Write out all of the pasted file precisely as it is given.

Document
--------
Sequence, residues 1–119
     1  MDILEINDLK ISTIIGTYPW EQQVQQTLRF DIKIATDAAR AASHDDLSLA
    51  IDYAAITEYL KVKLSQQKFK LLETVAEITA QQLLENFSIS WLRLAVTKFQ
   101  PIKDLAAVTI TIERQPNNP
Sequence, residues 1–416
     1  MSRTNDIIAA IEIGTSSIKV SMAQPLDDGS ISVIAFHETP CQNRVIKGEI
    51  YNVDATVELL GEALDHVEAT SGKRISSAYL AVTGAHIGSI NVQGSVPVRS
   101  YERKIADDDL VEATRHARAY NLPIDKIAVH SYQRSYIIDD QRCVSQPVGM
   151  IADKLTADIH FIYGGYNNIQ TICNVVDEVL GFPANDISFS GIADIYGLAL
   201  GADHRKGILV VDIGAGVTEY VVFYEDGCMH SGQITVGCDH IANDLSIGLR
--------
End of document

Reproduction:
Sequence, residues 1–119
     1  MDILEINDLK ISTIIGTYPW EQQVQQTLRF DIKIATDAAR AASHDDLSLA
    51  IDYAAITEYL KVKLSQQKFK LLETVAEITA QQLLENFSIS WLRLAVTKFQ
   101  PIKDLAAVTI TIERQPNNP
Sequence, residues 1–416
     1  MSRTNDIIAA IEIGTSSIKV SMAQPLDDGS ISVIAFHETP CQNRVIKGEI
    51  YNVDATVELL GEALDHVEAT SGKRISSAYL AVTGAHIGSI NVQGSVPVRS
   101  YERKIADDDL VEATRHARAY NLPIDKIAVH SYQRSYIIDD QRCVSQPVGM
   151  IADKLTADIH FIYGGYNNIQ TICNVVDEVL GFPANDISFS GIADIYGLAL
   201  GADHRKGILV VDIGAGVTEY VVFYEDGCMH SGQITVGCDH IANDLSIGLR